The identification of patients as 'fast acetylators' or 'slow acetylators' is used in clinical practice to help recognize those at risk from toxicity and in guiding the dosage of N-acetylated drugs. Caffeine has been proposed as a marker for drug acetylation on the basis of a ratio of urinary metabolites (5-acetylamino-6-formylamino-3-methyl uracil and 1-methylxanthine, AFMU:MX) determined by high-performance liquid chromatography. The caffeine test was studied in 26 subjects by reference to the use of sulphamidine as the test substance. The distribution of urinary AFMU:MX ratios allowed assignment of subjects to 'slow' and 'fast' acetylator status (AFMU:MX < 2.1 and > 2.3 respectively). The results showed accordance with those from the sulphadimidine test with the exception of one subject. The possible interference of concurrent administration of sulphadimidine (as an example of a drug known to undergo metabolism by N-acetylation) was also studied in 11 of the subjects. The interference was found to be small (apparent mean bias 11%) but of possible clinical significance.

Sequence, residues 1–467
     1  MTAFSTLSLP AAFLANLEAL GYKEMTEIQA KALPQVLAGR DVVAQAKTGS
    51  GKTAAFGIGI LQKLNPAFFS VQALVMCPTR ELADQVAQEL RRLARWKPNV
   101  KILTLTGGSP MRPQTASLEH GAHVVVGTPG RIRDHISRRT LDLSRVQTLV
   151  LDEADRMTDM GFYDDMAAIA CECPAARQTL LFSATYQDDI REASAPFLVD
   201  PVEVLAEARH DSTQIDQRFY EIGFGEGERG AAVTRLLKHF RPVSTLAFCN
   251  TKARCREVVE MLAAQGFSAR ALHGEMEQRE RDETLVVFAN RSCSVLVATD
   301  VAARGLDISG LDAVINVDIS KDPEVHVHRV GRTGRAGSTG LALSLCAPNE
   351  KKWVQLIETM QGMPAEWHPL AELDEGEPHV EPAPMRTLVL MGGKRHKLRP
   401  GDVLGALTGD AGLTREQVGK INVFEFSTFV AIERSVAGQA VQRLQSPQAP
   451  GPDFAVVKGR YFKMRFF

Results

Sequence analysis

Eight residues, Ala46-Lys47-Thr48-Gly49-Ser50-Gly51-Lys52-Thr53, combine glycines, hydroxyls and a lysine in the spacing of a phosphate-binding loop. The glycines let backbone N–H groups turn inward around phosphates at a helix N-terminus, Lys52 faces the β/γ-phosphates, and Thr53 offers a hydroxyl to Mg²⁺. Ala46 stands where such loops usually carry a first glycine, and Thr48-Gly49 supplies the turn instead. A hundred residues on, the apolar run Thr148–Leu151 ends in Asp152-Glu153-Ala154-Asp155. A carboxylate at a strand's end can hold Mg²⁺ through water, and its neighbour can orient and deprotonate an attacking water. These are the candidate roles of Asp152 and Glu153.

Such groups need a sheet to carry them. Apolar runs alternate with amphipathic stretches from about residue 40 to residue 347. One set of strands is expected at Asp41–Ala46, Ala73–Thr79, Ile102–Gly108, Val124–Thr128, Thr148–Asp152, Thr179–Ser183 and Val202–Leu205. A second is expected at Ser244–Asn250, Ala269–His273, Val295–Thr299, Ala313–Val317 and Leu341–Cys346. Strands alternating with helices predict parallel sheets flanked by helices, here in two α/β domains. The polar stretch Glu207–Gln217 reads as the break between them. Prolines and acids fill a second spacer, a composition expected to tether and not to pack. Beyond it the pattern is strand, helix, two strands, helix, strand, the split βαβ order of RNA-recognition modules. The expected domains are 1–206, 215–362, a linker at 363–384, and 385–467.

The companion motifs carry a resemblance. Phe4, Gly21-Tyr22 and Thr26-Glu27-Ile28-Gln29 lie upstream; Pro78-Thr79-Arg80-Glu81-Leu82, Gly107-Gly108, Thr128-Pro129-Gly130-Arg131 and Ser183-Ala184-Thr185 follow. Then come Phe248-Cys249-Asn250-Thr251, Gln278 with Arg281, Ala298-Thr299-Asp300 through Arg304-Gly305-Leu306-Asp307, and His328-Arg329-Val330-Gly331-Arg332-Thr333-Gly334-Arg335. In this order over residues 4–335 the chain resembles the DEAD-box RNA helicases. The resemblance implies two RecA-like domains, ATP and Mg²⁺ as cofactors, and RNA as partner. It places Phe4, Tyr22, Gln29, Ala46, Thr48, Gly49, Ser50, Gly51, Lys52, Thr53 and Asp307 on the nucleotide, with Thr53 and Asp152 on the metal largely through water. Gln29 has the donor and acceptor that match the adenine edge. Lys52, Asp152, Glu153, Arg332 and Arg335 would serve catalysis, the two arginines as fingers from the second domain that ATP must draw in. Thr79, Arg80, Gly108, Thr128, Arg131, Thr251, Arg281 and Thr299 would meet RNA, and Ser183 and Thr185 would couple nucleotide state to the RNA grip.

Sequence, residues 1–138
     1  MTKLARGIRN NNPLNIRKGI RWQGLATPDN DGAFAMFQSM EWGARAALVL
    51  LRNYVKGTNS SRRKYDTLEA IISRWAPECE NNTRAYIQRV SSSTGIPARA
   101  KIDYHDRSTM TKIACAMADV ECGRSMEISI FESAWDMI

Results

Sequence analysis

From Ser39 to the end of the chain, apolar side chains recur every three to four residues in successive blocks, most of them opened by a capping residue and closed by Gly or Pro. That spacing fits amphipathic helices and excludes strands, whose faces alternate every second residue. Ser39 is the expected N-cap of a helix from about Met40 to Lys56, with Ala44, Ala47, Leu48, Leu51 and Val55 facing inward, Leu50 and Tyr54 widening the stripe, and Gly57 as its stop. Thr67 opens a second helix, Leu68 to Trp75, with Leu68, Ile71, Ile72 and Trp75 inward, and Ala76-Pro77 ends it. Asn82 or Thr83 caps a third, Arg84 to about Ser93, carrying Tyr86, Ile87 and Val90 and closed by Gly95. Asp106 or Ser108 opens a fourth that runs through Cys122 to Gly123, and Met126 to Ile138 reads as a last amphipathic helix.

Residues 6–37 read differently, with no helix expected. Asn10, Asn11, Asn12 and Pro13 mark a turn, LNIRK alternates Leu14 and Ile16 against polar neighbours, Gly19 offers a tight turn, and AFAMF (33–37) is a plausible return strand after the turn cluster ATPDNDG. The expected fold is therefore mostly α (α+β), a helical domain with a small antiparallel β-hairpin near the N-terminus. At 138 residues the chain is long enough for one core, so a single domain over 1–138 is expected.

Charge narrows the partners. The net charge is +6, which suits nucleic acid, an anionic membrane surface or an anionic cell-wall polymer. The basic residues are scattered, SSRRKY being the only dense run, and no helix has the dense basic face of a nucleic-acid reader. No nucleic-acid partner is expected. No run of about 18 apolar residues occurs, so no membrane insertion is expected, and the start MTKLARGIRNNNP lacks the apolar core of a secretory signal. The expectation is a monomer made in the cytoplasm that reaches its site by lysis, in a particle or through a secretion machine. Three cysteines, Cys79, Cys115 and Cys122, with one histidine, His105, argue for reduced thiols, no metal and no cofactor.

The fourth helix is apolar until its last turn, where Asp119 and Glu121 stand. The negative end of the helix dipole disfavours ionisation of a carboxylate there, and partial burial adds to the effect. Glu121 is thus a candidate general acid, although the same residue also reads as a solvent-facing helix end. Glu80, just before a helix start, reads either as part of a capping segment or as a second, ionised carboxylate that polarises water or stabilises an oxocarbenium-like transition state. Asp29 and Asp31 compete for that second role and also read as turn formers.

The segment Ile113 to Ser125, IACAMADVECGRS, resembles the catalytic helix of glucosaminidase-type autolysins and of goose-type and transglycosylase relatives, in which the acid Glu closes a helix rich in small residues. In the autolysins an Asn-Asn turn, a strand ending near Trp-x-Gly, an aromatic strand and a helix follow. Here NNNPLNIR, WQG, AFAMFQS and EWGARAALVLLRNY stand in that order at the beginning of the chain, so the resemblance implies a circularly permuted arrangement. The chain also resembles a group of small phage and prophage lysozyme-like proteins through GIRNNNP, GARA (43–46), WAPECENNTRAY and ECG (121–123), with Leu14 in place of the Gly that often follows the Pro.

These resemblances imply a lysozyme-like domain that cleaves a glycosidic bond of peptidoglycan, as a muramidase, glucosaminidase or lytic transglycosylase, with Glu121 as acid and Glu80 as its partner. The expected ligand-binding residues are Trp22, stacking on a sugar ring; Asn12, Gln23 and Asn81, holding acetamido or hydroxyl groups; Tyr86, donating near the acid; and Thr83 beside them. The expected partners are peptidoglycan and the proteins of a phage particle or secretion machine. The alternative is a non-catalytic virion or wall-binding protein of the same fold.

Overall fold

|Number of pages||5|
|Journal||Journal of Clinical Pharmacy and Therapeutics|
|Publication status||Published - 1987|